House Judiciary Committee Chair Rep. Goodlatte held Press Conference on Immigration Reform

English: , member of the United States House o...
English: , member of the United States House of Representatives. (Photo credit: Wikipedia)

Rep. Goodlatte (R) held a press conference this morning regarding immigration reform efforts underway in the Senate.  While he stated that he welcomed such efforts, he also stated that the House Judiciary committee would be looking at Immigration differently.  The House will be dividing the legislation into separate bills so that Representatives can review and look at each aspect of immigration reform separately, as opposed to having one take it or leave it bill.  According to Rep. Goodlatte, the first two bills will be introduced tomorrow and will concern the agricultural worker program and mandatory e-verify provisions.  It should also be noted that Rep. Goodlatte does not support providing legal status to the thousands of people in the US without status at this time.

Considering Rep. Goodlatte’s previous stands on immigration, and considering the fact that the Senate, at this time, most likely will not consider piecemeal legislation, I think that this move makes it less likely that we will actually see immigration reform anytime soon.  While I sincerely hope that I am wrong, and I hope that this can be worked out, I am not as hopeful as I was even yesterday.  The primary issue is the fact that when each piece is separate, there is no guarantee that once one part is passed, the other parts will also be passed.  In other words, if the House passes mandatory e-verify, what is to stop Republicans at that point from voting against the pathway to citizenship, even if they previously agreed to support it?  I really see this move more as a way to end the immigration debate rather than as a way to move it forward.  The only hope I see is that there can be some compromise whereby the senate agrees to modify the bill somewhat in return for having it pass as one bill.  At this point, only time will tell.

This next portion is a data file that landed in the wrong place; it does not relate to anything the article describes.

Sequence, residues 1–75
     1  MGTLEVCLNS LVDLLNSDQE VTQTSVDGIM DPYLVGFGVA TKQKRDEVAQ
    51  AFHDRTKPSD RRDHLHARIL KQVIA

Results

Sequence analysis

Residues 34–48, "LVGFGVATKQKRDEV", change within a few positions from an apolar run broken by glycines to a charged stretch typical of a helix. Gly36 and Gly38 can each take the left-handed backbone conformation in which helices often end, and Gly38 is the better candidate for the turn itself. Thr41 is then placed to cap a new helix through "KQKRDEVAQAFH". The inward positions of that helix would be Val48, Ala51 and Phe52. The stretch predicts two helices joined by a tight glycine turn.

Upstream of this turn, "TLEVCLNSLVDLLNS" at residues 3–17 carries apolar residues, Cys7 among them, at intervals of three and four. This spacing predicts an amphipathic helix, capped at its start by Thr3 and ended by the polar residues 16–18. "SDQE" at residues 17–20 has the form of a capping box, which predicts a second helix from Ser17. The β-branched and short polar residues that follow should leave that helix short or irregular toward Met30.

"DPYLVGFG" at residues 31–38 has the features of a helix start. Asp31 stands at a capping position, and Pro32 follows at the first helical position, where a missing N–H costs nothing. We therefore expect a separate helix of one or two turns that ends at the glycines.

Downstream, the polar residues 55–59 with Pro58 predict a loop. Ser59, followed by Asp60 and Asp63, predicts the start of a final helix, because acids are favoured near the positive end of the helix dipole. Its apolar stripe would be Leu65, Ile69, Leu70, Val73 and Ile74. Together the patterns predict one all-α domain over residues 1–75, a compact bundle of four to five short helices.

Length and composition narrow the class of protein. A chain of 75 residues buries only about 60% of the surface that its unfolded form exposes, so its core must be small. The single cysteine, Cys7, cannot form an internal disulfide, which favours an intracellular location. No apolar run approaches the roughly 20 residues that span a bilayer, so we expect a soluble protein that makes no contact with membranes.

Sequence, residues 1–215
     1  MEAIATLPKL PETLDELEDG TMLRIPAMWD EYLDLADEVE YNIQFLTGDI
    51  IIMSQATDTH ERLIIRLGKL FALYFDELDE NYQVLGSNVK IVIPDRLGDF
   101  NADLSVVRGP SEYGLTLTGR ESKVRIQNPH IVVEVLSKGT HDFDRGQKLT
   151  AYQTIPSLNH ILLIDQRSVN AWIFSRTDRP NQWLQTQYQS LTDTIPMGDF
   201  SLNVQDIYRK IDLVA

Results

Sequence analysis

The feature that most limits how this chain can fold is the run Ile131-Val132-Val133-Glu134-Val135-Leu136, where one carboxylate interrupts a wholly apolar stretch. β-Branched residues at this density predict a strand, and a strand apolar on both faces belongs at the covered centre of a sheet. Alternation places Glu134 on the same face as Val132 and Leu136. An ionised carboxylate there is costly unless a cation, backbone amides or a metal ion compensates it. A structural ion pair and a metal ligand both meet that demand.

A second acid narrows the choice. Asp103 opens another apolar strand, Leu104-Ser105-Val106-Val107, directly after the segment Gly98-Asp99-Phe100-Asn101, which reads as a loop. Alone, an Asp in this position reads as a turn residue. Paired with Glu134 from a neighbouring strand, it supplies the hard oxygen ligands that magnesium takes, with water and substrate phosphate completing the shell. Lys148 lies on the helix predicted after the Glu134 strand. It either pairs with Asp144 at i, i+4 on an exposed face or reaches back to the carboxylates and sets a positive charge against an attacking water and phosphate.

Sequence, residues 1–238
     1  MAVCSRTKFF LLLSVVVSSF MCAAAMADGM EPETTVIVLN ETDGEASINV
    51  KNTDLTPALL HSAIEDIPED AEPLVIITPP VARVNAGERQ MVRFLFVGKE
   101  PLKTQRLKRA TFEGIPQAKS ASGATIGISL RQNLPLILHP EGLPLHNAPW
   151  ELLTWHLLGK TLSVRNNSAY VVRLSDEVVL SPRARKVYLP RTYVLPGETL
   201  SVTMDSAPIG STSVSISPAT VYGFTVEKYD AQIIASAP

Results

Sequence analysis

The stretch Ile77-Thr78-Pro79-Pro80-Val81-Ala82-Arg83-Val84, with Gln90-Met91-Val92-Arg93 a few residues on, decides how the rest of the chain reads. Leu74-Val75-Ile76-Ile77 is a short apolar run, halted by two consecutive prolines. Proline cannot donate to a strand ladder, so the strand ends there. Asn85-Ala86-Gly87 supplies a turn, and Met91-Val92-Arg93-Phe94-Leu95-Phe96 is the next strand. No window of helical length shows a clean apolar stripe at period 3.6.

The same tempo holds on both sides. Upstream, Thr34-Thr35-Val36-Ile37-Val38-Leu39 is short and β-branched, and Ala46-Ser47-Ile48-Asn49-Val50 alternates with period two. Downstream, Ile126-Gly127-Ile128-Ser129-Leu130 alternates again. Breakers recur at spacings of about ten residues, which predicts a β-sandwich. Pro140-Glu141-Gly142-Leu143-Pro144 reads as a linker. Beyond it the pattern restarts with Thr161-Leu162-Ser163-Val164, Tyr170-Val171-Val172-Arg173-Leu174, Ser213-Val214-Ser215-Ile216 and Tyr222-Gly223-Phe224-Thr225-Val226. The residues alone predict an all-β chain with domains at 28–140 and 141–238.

Author: Adam Frank, Esquire

I am an immigration attorney with over 20 years of experience. I was graduated from Brandeis University undergrad in 1990 and then spent a year traveling around Central America. In 1991 I began attending the University of Baltimore School of Law and was graduated in 1994. I began working in Immigration Law in 1998 when I joined a small law firm and, in 2000 opened my own firm with my law partner Ed Leavy. Sadly, Ed passed away in 2011. I am still a partner in my own firm with my current partner Brendan Delaney. Our firm is Frank & Delaney Immigration Law, LLC.

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